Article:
Henning Mankell, one of Sweden’s best loved authors remembered

Henning Mankell, 2009 Photo: Wikimedia

Tributes poured in on Monday following the death of one of Sweden’s best-loved authors, Henning Mankell. Krister Henriksson, the actor who played Mankell’s famous fictional detective Kurt Wallander, said his death, at the age of 67, had left him ‘devastated’. The pair had been as ‘close as brothers’.

Henning Mankell produced forty novels and plays. His books have sold over 40 million copies and have been translated into more than 40 languages. It was his character Kurt Wallander, the melancholic police inspector that made his name and also put the southern Swedish town of Ystad on the map. The books had a recurring theme, examining the decline in Swedish society.

The 67 year old, who last year revealed he had cancer, died in Gothenburg early Monday, his publisher, Leopard, said in a statement on its website.

Mankell started Leopard with Dan Israel in 2001.

“I’ve known Henning 40 years. I was 26 years old when I met him for the first time. We have lived a lifetime together, he and I, one can say. Our lives have been inextricably linked,” says Dan Israel to Swedish Radio News.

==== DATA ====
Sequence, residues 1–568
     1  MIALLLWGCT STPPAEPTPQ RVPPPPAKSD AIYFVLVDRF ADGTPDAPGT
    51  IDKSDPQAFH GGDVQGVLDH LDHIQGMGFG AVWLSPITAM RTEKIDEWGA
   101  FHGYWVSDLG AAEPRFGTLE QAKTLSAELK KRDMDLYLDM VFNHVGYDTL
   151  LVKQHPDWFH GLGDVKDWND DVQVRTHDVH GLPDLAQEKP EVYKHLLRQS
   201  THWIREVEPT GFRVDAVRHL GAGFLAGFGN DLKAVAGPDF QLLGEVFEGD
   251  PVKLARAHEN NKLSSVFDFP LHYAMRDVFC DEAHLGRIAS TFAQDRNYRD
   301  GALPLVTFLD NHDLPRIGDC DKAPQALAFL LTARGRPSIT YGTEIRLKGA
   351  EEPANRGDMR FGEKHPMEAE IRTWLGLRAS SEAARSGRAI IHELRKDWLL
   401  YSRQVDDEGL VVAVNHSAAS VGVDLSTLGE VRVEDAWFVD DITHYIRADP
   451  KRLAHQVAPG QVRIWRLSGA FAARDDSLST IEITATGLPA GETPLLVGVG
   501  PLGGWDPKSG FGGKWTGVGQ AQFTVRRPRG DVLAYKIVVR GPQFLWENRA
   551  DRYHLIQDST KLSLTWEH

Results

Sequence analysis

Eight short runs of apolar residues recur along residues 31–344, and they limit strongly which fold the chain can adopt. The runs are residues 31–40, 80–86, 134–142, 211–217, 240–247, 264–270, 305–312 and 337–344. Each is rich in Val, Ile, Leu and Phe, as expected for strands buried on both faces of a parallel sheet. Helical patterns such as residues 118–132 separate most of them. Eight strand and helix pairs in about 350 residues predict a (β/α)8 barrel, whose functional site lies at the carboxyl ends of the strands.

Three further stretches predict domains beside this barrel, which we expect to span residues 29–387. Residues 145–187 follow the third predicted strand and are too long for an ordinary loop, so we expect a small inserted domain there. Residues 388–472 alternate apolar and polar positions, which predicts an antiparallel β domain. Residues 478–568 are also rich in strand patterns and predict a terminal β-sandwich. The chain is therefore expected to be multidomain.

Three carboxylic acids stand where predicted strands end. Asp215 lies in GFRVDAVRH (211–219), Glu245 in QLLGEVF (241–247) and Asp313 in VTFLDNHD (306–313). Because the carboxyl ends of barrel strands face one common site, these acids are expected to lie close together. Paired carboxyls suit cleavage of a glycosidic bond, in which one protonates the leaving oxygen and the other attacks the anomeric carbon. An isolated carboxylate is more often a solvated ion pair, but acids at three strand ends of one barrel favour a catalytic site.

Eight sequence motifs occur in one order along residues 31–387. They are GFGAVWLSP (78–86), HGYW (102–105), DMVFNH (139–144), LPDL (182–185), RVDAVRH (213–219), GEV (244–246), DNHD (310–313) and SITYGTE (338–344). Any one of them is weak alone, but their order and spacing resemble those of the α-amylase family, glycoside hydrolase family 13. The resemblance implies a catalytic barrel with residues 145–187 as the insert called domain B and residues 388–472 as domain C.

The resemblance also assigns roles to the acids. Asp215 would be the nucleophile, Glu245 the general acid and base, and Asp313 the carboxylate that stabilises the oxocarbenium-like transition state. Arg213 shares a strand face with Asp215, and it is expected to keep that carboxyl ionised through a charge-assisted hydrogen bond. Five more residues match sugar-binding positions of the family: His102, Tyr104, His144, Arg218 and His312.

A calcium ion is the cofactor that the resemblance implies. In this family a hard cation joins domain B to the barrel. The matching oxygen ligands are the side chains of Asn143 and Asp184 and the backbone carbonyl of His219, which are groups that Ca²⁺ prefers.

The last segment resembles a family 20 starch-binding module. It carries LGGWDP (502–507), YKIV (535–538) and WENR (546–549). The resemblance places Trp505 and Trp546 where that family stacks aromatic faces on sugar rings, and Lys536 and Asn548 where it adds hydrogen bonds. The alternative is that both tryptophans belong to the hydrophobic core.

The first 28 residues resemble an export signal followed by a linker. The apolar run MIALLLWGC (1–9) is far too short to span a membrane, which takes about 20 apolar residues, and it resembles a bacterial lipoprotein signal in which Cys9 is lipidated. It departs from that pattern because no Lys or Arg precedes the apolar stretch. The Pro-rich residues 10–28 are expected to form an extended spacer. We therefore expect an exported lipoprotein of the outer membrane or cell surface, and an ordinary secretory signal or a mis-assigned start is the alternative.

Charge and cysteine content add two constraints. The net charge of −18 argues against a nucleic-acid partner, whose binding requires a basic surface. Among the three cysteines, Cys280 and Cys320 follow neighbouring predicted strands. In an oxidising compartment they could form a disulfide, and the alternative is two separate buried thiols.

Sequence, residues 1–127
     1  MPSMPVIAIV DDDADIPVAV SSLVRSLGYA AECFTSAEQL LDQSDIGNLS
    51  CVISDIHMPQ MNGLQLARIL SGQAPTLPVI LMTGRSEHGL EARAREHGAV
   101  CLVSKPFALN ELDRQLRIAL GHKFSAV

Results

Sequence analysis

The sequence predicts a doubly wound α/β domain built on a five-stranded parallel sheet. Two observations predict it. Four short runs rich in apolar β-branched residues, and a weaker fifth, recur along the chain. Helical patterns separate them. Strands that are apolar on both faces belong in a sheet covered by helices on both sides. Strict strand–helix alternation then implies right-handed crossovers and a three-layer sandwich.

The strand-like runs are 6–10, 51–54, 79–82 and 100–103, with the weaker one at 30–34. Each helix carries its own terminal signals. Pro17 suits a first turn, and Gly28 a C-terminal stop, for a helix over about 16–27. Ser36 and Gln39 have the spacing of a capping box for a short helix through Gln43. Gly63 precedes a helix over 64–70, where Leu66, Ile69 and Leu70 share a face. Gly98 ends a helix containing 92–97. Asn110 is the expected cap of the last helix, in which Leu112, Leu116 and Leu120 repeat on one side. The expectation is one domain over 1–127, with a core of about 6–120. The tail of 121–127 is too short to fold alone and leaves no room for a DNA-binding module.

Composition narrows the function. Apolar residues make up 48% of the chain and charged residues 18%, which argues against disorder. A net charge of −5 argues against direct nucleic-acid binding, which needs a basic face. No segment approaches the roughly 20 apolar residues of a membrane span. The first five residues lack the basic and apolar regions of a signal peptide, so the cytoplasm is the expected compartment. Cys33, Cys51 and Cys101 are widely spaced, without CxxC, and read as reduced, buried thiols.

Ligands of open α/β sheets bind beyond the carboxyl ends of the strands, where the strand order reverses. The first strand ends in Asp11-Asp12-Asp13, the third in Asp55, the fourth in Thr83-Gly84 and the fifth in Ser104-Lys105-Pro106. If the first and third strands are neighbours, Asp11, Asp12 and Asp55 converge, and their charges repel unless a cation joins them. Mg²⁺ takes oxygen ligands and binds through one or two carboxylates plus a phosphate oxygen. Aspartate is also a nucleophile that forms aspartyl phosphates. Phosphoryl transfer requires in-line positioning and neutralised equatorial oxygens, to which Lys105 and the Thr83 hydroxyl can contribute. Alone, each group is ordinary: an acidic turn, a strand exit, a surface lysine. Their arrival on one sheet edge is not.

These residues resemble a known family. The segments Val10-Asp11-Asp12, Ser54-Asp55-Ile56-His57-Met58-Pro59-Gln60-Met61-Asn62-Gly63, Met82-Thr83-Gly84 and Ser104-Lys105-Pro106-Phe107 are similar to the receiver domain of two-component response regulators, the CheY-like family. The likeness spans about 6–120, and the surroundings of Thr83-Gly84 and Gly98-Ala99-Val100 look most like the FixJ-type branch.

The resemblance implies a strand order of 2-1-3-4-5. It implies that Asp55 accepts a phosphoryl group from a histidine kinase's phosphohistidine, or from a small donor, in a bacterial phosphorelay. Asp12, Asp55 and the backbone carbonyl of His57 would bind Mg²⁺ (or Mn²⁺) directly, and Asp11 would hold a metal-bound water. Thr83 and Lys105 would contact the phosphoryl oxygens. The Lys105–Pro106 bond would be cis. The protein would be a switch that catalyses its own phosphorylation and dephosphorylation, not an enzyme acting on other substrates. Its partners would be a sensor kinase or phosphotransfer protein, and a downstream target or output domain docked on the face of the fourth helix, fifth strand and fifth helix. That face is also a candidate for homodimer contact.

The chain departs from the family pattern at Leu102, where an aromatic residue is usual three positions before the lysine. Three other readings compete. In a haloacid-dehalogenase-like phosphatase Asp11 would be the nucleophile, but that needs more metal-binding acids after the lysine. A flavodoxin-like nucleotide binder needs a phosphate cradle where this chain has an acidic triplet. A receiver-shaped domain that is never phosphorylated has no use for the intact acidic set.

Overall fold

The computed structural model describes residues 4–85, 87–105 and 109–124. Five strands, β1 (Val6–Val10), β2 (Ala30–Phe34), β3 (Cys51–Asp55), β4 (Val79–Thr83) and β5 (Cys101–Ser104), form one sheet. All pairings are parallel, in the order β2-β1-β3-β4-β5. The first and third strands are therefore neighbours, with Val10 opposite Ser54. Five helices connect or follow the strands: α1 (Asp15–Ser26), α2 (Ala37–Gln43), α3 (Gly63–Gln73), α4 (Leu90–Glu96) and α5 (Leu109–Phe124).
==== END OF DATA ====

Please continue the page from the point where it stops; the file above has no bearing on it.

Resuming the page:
How will you remember Henning Mankell from the time you’ve known him?

“I will always remember Henning as a warm person, often a little timid person. He was not the one who loved to be in the limelight but he was a very warm person. The meaning of his life was to write books that mattered to people.

“For me, Henning is one of the major Swedish authors. It is completely wrong to confine him to crime writing.

“He has written great love stories, amazing books about Africa, such as “Chronicler of the Winds”, which deals with street children living in poverty in Mozambique. He has written plays. But I do not in any way want to detract from the fact that Wallander is a stunning depiction of the welfare society’s decline and fall,” Dan Israel said.

The friend and publisher also told the newspaper Dagens Nyheter, that Mankell planned to write another Wallander book, to tie in with next year’s 25th anniversary of the first publication featuring the fictional hero.

The 67 year old managed to write two books after receiving his cancer diagnosis, which he also describes in his book, Quicksand.

“I woke one day during Christmas at our apartment in Antibes and had great pain in my neck. I thought that I had slept badly on it, but the pain did not ease and it spread to my arm and fingers. So I called my doctor at Sophiahemmet in Stockholm and got an appointment between Cristmas and New Years.”

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